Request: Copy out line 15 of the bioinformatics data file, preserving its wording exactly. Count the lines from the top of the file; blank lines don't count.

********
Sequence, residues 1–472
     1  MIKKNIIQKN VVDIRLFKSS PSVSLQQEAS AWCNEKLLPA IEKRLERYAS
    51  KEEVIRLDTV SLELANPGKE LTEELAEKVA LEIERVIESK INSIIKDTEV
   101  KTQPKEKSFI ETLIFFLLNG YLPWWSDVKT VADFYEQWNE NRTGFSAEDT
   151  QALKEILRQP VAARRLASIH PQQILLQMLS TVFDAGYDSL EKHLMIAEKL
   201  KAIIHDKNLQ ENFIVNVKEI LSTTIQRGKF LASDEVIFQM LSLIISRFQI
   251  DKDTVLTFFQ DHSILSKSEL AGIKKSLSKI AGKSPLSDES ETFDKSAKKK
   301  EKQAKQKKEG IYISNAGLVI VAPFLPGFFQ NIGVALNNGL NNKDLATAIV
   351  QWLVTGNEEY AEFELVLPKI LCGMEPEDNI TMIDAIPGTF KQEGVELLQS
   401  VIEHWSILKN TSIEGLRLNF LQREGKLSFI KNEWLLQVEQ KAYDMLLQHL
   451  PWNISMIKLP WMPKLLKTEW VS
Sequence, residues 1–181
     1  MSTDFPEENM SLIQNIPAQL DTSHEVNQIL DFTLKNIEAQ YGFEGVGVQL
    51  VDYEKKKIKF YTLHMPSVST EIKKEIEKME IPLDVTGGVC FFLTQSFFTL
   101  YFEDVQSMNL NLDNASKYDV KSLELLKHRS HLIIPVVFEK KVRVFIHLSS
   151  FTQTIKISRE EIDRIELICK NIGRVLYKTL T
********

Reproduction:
   101  YFEDVQSMNL NLDNASKYDV KSLELLKHRS HLIIPVVFEK KVRVFIHLSS